The Dawn of the IKEA Mafia - by Aron Solomon - @IKEA @swedishousemfia


The Dawn of the IKEA Mafia - by Aron Solomon

What’s more Swedish than Swedish House Mafia?

Correct. The answer is “IKEA.”

Even if you were thinking “Swedish meatballs,” it’s still a nanosecond until your mind takes you to IKEA. And as someone who has lived in Stockholm, I can assure you that just as many Swedes as you would expect have IKEA in their homes. It is, in every way, a part of the culture.

So news that these two great Swedish brands decided to work together was met with surprise because of how different they are, but also an openness and curiosity about what these brands could collaboratively create.

The reason brands from entirely different verticals collaborate (home furniture and electronic music is a perfect example) is because the brands think that together they can propel people to see them in new ways. Some people who would have never considered spending money with either brand now will. That’s not to say that some people who listen to Swedish House Mafia don’t already shop at IKEA (they do) or that some IKEA shoppers don’t listen to Swedish House Mafia (they do), but this cross-pollination of these brands opens up new eyes and ears and wallets.

What IKEA hopes we will first buy from this collaboration is a re-designed iconic bag known as FRAKTA.

Here’s the much-loved original: 

And here’s the Swedish House Mafia collaboration: 

I see the allure of both bags. I’ve always loved the original FRAKTA and own an embarrassing number of these remarkably durable bags for shopping, carrying our skates and snowshoes, organizing things in the trunk of the car, and so on.

What I particularly love about this initial collaboration is that the bag retains its original character. This bag, first introduced to help people shop when they are physically in IKEA stores, has become an iconic design, love it or hate it, and there are certainly people who fall into both camps. This Swedish House Mafia collaboration with IKEA really does breathe new design life into a timeless bag. It has to leave fans of both the musical group and the furniture giant excited about future collaborations.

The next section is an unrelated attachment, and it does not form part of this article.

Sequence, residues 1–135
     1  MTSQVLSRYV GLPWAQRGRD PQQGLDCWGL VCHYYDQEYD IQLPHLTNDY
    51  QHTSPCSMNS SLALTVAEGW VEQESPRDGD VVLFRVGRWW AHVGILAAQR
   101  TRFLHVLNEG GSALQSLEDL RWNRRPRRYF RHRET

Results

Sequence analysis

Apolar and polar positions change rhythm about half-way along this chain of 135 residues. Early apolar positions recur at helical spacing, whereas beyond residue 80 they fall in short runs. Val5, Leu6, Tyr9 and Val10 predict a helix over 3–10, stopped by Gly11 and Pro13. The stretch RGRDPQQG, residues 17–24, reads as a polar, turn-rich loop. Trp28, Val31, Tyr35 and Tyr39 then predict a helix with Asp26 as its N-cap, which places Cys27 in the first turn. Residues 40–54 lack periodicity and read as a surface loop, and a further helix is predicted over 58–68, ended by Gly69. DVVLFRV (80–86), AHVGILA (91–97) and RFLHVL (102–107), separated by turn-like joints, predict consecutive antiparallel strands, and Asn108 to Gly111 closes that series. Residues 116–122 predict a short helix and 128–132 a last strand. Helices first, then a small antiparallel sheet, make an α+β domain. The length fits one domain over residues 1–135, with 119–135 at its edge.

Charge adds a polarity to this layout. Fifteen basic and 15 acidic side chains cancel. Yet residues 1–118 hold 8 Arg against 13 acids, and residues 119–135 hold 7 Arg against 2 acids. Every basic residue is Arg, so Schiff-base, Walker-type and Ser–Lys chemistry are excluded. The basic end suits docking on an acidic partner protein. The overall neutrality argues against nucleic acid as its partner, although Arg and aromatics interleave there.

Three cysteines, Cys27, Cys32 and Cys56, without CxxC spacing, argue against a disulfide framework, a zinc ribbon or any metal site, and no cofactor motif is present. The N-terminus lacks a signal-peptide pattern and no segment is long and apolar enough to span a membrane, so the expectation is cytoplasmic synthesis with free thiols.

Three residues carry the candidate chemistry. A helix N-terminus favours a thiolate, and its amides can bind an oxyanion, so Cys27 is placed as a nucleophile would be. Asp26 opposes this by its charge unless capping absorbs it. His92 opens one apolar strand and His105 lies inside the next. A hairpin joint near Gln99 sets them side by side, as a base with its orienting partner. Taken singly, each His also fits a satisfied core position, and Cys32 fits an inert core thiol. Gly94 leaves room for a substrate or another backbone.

Yet some collaborations that start well don’t always and well. Is there any danger that bringing brands together in collaborations such as this has any legal impact on either brand? Attorney Jonathan Marshall observes that:

“In any collaboration between brands the scope has to be clearly defined. From a legal perspective, the worst-case scenario is that both brands aren’t completely aligned on what the collaboration means. If it’s a one-time thing and one of the parties thinks they can leverage or even reference the collaboration in ways not reflected in the agreement, there may be problems.”

I’d love to see both IKEA and Swedish House Mafia test both the legal and practical elasticity of this collaboration. Problems that arise from disparate brands working together are simply the other side of the coin from beautiful creative collisions. 

So while this is “just” a re-imagined bag, what else could collaborations such as this become? There are already plans to extend Swedish House Mafia’s imprint on more IKEA products, such as this record player, as part of the OBEGRΓ„NSAD collection. Ultimately, what mark could IKEA leave on the work of a music group? It’s one thing for music creatives to put their imprint on a major brand’s physical product but can it work well in reverse?

In other words, how can Swedish House Mafia infuse a little IKEA into their work to capture a larger audience without sacrificing theirs? That has been the exact equation for IKEA with these new bags and should be what Swedish House Mafia is thinking about for the rest of the year and beyond.

There’s no easy answer as to where these collaborations should begin and end, which is part of why they excite the fans of both of these brands. Creatives naturally fear that constantly washed-away line in the sand where their work is seen by their core audience as having become too commercial. But this is where things can get really exciting for brands willing to play on what used to be seen as the dark side.

Any music creatives afraid of testing these limits wouldn’t have collaborated with IKEA in the first place. So where this collaboration ultimately goes, and what impact both Swedish House Mafia and IKEA can have on each other’s creative direction, remains an exciting unknown.

Post a Comment